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1031 Exchanges Explained

Property investors have a powerful tool for building and preserving their real estate wealth: The 1031 Tax-Deferred Exchange. Section 1031 of the Internal Revenue Code allows investors to defer (postpone) paying income taxes on gains from the sale of investment real property, if the proceeds are re-invested into "Like-Kind" property. You must have held the Relinquished Property (the "old" property) and you must hold the Replacement Property (the "new" property) for investment or for productive use in a trade or business.

1031 Exchanges Explained - Additional Information

Like-Kind Property

Like-Kind refers to the type of property being exchanged. You can exchange any real estate investment for any other type of real estate investment -- for example, vacant land can be exchanged for rental property. In most cases, your personal residence is not Like-Kind investment property.

Personal Property Exchanges

For 1031 exchanges of investment personal property or equipment (i.e. aircraft, boats, and equipment) the type of personal property must be matched almost exactly. Please call for details.

Exchanging Up

To accomplish a fully tax-deferred exchange the rule of thumb is: Exchange even or up in value and Exchange even or up in equity.


To the extent that you do not exchange even or up in value and exchange even or up in equity, you will have received non-qualifying property ("boot") in your exchange. If you receive boot, tax is computed on the amount of gain on the sale or the amount of boot received -- whichever is lower. Common forms of boot include:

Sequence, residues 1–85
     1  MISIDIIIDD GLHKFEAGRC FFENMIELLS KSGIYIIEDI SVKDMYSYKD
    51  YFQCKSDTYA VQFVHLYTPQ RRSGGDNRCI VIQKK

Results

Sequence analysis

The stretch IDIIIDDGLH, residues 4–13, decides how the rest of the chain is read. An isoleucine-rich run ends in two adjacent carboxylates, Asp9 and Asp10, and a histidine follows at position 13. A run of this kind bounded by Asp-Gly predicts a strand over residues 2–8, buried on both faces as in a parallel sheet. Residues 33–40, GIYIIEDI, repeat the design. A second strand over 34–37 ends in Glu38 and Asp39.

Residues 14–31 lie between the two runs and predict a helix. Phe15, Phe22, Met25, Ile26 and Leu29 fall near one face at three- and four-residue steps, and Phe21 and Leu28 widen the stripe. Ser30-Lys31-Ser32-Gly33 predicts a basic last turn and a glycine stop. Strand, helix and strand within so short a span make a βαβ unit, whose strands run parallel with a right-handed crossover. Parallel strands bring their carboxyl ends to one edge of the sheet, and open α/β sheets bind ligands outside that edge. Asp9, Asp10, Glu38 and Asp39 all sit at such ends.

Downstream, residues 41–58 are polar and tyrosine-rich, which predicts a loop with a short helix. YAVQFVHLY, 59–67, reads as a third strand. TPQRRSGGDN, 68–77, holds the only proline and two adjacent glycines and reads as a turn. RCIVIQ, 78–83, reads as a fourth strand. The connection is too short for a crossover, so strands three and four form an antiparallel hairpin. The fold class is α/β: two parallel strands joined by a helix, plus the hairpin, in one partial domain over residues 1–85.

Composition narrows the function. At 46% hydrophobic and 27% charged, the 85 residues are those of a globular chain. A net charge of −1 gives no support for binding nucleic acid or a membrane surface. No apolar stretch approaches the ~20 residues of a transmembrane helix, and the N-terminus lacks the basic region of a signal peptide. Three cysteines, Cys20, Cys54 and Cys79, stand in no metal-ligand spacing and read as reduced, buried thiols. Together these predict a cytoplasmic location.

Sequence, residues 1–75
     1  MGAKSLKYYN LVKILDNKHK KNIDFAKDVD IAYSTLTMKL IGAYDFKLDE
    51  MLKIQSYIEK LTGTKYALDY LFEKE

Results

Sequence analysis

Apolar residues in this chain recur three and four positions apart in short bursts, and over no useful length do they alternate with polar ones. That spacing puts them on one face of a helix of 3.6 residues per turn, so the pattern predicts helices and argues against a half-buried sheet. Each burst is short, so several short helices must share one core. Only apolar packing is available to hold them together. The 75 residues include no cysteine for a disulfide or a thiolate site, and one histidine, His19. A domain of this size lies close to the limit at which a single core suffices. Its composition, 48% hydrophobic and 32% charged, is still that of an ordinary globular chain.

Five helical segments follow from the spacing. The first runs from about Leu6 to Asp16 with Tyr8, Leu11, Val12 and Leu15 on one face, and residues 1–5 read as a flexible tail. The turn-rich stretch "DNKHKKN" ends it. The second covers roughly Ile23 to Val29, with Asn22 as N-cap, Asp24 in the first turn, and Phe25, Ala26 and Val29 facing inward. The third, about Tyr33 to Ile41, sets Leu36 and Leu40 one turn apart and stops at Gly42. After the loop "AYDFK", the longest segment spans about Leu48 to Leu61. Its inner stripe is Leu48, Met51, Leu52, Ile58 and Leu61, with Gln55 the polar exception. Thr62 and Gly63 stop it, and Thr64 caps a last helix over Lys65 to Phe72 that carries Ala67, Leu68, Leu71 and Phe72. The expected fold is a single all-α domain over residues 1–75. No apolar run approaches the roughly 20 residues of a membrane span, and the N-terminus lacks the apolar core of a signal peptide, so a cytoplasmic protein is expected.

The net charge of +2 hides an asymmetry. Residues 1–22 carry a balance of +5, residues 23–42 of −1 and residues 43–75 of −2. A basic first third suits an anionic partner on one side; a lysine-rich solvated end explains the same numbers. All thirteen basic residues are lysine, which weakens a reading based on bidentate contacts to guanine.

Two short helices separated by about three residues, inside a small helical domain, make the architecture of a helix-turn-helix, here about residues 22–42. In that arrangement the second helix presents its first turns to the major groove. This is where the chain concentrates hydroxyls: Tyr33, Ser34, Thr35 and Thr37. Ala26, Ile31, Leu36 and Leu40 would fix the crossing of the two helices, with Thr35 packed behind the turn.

• Cash to exchange or

  • Debt relief to exchange or

  • Notes or contracts to exchange

  • Simultaneous Exchanges

    In a Simultaneous Exchange, your old property is exchanged for new property at the same time in an interdependent closing. Often, there are practical reasons which prevent a Simultaneous Exchange. Your new property may not yet be located or ready to close before the required closing date for the old property. In such cases, a successful exchange can still be completed on a deferred (delayed) basis.

    Delayed Exchanges

    In a Delayed Exchange, your old property is exchanged for a promise from someone (usually a facilitator company) to acquire new property for you at a later date. In 1984, Congress authorized Delayed Exchanges in Section 1031 of the tax code. In 1991, the IRS issued Final Regulations on how to successfully complete a Delayed Tax-Deferred Exchange.

    Time Deadlines

    In a Delayed Exchange, you are required to "identify and designate" your new property on or before 45 days from the transfer of your old property...

    ...and Closing must occur on one or more of the properties you have identified and designated within 180 days of the closing of your old property, or before the due date for filing of your tax return for the year in which the old property closed, whichever is earlier.

    You can always get the full 180 days to complete your Delayed Exchange if you timely request an extension for filing your tax return.


    The IRS Regulations limit your flexibility in identifying and designating new properties. You must provide a written description (street address and/or legal description) of your proposed new property (ies) to the facilitator no later than midnight of the 45th day. You can identify and designate up to three properties regardless of value. You don't have to buy all three. If you identify more than three properties, you are limited by a value test for the identified properties. The total value of all the properties you identify cannot exceed 200% of the old property value.

    Exchange Facilitator guides you through the identification and designation process with forms and instructions detailing how these rules affect your particular exchange.

    Reverse Exchanges

    1. A reverse exchange may be required where the new property purchase must be closed before the old property sales closes.

    2. This type of exchange was recently authorized by an IRS Revenue Procedure effective September 15, 2000. This Revenue Procedure gives specific guidelines and time deadlines.

    3. A reverse exchange involves a great deal of advance planning with your facilitator.